“Take me! I am of great power”, The Illusive Hag Stone

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In my twenty plus years of being a Witch I have never found a hag stone. However, my roommate who is also a practicing Witch has found more than she can count. What makes these stones show up more for one person and not another? To find out I started looking more into what they are and their history.

A Hag Stone is a stone with a natural hole through it and are believed to be magickal. These stones are believed to ward against spirits, bad luck, “Witchcraft”, sickness, and nightmares. They are also known to be windows or doorways to see “otherworlds”, such as the fairy realm. These magickal stones have as many names as they do powers and seem to have originated by their folk-lore and use in a particular region. Sometimes referred to as hex stones, serpent’s eggs, snake’s eggs, and Druids’ glass. However, the more common names other than hag stones are Witch stones, (holy) holey stones, and adder stones.

Two origin stories of adder stones say that the stones are the hardened saliva of many serpents together in one area and the hole is caused by their tongues. The second claims that an adder stone is made by the sting of an adder. Some sources say that these stories hail from the Druids of Ancient Wales and Britain, while others say they are European. As these are just folk stories and superstitions, I then turned to their numerous uses in cultures and traditions.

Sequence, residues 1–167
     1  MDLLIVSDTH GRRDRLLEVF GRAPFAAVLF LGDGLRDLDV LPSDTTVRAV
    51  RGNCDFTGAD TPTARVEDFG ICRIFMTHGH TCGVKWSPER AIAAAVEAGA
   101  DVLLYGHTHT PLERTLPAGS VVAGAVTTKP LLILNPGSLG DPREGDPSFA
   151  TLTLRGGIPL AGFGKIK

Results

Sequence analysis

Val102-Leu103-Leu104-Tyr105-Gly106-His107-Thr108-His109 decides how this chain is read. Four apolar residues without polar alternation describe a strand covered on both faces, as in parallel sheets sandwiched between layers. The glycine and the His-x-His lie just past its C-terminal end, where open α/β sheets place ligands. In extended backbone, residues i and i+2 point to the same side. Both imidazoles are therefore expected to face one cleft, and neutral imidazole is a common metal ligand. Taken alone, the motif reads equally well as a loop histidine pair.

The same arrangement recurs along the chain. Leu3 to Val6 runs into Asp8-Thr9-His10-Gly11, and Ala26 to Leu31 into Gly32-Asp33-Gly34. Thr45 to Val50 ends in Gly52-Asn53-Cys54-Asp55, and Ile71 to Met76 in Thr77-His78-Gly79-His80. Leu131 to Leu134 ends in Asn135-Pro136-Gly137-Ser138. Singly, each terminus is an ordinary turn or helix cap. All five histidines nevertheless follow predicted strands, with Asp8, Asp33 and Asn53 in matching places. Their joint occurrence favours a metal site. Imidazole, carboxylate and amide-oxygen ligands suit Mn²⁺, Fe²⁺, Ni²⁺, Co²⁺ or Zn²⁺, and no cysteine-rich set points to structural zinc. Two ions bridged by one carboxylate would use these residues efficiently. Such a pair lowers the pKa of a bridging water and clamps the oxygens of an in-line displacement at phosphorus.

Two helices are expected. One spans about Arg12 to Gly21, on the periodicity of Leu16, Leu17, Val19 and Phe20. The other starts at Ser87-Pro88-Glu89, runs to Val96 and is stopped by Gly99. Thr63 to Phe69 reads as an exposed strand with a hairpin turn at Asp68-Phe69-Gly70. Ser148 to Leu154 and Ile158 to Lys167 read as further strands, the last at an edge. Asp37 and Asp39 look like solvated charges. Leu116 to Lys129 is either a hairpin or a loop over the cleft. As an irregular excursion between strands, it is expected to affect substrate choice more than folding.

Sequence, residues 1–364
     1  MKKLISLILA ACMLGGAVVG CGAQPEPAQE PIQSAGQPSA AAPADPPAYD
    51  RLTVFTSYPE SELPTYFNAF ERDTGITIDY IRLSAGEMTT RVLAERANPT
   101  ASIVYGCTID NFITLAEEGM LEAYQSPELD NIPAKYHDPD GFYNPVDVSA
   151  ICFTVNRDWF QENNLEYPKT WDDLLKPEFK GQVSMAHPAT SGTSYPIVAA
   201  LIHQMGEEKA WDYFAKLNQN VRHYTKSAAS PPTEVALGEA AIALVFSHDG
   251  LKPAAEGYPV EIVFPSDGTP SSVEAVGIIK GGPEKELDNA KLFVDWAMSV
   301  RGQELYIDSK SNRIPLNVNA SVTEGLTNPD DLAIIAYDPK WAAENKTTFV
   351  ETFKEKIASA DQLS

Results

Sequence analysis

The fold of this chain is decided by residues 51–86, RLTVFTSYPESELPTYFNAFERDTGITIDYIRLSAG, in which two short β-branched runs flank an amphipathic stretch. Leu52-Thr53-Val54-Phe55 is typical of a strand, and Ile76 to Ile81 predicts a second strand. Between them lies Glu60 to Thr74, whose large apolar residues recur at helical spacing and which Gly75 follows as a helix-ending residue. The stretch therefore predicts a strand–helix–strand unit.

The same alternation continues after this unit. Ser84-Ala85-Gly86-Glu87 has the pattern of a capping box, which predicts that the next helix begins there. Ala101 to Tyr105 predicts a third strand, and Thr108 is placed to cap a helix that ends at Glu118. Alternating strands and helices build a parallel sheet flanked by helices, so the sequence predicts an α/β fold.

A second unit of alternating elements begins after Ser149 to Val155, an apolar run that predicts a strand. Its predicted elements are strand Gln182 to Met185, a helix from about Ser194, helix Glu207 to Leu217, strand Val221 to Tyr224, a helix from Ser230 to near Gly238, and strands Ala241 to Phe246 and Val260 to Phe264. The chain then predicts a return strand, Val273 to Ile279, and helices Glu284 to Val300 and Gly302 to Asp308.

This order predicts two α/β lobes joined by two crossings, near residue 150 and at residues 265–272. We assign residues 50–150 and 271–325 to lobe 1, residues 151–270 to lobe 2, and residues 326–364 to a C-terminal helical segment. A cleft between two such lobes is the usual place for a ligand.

It seems that in certain parts of Europe, this stone kept the “hag” spirit away in order to prevent her from stealing horses and children. While in others It was also used as a talisman to dispel the evil eye and many people still hang this stone in bedrooms. In the UK, both fishermen and farmers also adopted this holey stone as protective charm against unwanted forces and storms and still use it today.

Peculiarly, out of all the information I found, I saw no mention of the Blackfoot custom of the “Buffalo Stone”. Although, these stones do not usually have a hole, some of the “magickal” ideals behind them are the same. Now of these stones, I have many, some have been in my family for years, but none have a hole or resemble the traditional hag stone.

The Buffalo Stone, or Iniskim, is a sacred medicine stone, typically a fossil of some sort, that can be in the shape of an animal, mainly that of a buffalo. Although, they can be any stone that seems to be out-of-place of its surroundings or contain natural anomalies, such as a hole. Similar to some of the hag stone’s uses, Iniskim medicine helps have a successful life and grants luck and prosperity to its owner. However, the origin behind them is of a completely different nature.

A summarized popular version of this legend is that long ago, the buffalo suddenly disappeared and the people began to starve. Among them was a woman, who one day while gathering wood for the fire, she thought she heard someone singing a song. The song seemed quite close, but when she looked around, she saw no one. Following the sound and looking closely, she found a small rock that was singing, “Take me! I am of great power. Take me! I am of great power.” When the woman picked up the rock, it told her what to do and taught her a special song. She told her husband her experience and then said, “Call all the men together and ask them to sing this song that will call the buffalo back. Ever since then, the people took good care of a buffalo stone and prayed to it, for they knew that it had much power.

Whether you call them hag stones, adder stones or buffalo stones, they all hold a story behind the magick of what they can do or how they are found. I may not have ever found a traditional holey stone of my own, but I have found the magick in knowing that these illusive stones find you, rather than you finding them.

 

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